Presentation on theme: "Great Men as Supreme Court Justices: Leadership and Cohesion in the Warren and Burger Courts.- Capstone Presentation By Geoff Warren."— Presentation transcript:
Great Men as Supreme Court Justices: Leadership and Cohesion in the Warren and Burger Courts.- Capstone Presentation By Geoff Warren
The Warren Court (1953-69) The Burger Court (1969-86) Would the liberal/activist doctrine of the Warren Court be struck by the more Conservative Burger Court?
Why would the more conservative Burger Court leave much of the Warren Court civil liberties and civil rights doctrine in place but attack the Warren Court First Amendment doctrine? The Burger Court lacked the cohesion marked by the Warren Court as well as the strong leadership provided by Earl Warren.
The Warren Court The Warren Court was an activist body that played the role of a “super legislature.” -obscenity, school prayer, libel, criminal defendant rights, desegregation, gerrymandering, the right to privacy, and equal protection doctrine.
Liberal Wing Earl Warren Hugo Black William O. Douglas
Moderate Liberals William J. Brennan Arthur J. Goldberg
Conservative Justices John Marshall Harlan Potter Stewart Felix Frankfurter Charles E. Whittaker Harold H. Burton Sherman Minton Stanley F. Reed
The Warren Majority Abe Fortas Thurgood Marshall William J. Brennan William O. Douglas Byron White* Hugo Black*
Conservatives Warren Burger Potter Stewart John Marshall Harlan Harry A. Blackmun* William Rehnquist* Lewis Powell* John Paul Stevens* Sandra Day O’Connor*
Conference -less time in Conference -less time for collective deliberation and consensus building -less agreement on Court rulings -greater number of separate opinions
Miller v. California -assign a Justice to produce a memorandum -consensus formed and Justice picked to write opinion -sharpened confrontations between opposing policy preferences. -Burger and Brennan openly compete for votes -bare majority accepts Burger’s
Warren Burger -scorned by Warren holdovers as well as new appointees -often unprepared for conference -willing to change position in conference just to reach majority -product of the Nixon Whitehouse
Statistical Analysis -The Burger Court from 1969-1980 averaged 138 institutional and issued 43 separate opinions, 45 concurring opinions, and 105 dissenting opinions. -The Burger Court issued about two times the number of concurring opinions and 3 times the number of separate opinions.* -Burger Court 52 days to complete an opinion and the Warren Court 35. -Warren Court averaged 8 cases a year of 5-4 votes, the Burger Court in first year 18. -Between 1901 and the last year of the Warren Court, there were 51 cases decided by plurality opinion. The Burger Court handed down 111 in total.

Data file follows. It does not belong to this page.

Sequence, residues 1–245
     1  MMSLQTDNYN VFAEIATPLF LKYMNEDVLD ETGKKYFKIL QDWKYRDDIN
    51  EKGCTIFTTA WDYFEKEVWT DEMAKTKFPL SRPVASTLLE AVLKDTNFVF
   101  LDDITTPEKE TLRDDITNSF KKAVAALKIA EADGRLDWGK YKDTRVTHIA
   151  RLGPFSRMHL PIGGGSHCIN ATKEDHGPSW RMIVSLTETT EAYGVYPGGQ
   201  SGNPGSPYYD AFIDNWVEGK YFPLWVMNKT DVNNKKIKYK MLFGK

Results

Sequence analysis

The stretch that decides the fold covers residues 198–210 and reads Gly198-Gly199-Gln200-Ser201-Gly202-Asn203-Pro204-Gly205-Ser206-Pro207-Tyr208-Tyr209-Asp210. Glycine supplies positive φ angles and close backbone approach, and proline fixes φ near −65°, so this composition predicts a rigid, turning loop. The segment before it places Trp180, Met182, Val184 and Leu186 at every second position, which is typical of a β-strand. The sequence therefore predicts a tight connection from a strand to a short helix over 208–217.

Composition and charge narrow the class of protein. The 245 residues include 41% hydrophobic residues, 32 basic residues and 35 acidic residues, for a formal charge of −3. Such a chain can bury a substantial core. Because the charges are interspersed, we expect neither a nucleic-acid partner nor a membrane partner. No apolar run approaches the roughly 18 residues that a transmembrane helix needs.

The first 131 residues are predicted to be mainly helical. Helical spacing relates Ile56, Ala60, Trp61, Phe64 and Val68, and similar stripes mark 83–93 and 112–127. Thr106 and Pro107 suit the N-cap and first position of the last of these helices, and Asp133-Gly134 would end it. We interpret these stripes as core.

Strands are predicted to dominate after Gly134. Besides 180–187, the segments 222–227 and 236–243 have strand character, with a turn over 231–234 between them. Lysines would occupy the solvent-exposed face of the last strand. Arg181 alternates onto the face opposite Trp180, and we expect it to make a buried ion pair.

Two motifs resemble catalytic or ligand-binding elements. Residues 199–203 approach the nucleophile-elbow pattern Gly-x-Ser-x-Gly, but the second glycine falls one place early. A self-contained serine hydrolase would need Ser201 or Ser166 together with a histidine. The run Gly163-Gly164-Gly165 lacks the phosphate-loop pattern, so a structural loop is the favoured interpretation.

Burger Court’s Passive Activism -helped to solidify judicial activism by means of a passive course of decision making -reversals of Warren Court precedents never materialized -Brown v. Board of Education, Reynolds v. Sims, and Miranda v. Arizona still intact -“secondary” landmark precedents also intact -New York Times v. Sullivan, Griswold v. Connecticut, and Engel v. Vitale
The Activist Burger Court -became an activist court -In 16 terms, the Warren Court invalidated 19 provisions of federal statues. -In the 1 st through 13 th terms of the Burger Court, it struck down 24. -Buckley v. Valeo, National League of Cities v. Usery, and Northern Pipeline Construction Co. v. Marathon Pipeline Co.
Activism in Civil Rights -continued Warren Court’s activism -two recurring issues: the desegregation of urban school districts and the legality of racially discriminating effects in the absence of discriminating purpose -Swann v. Charlotte-Mecklenburg Board of Education
Conservative First Amendment Doctrine -link between Burger Court’s free speech decisions and traditional property interests -Burger Court respectful of free speech when it didn’t conflict with property interests -major concept that the primary office of civil liberties is to safeguard property and contract. -Spence v. Washington and First Bank of Boston v. Bellotti -Carey v. Brown and United States Postal Service v. Council of Greenburgh Civic Associations
Personal Privacy as opposed to equality -heard cases based on personal privacy as opposed to equality -“autonomy” rather than “freedom” -abortion: Griswold v. Connecticut overturns Maher v. Roe -First Amendment: Buckley v. Valeo
The Courts and Their Generations -Warren Court activist but its generation was not -The Burger Court and its generation were activist -Burger Court responsive to the breakdown of the New Deal -Court should be active in defense of the values esteemed by the generation
In Conclusion -leadership of Earl Warren -Burger Court more activist than the Warren Court -personal property and personal privacy
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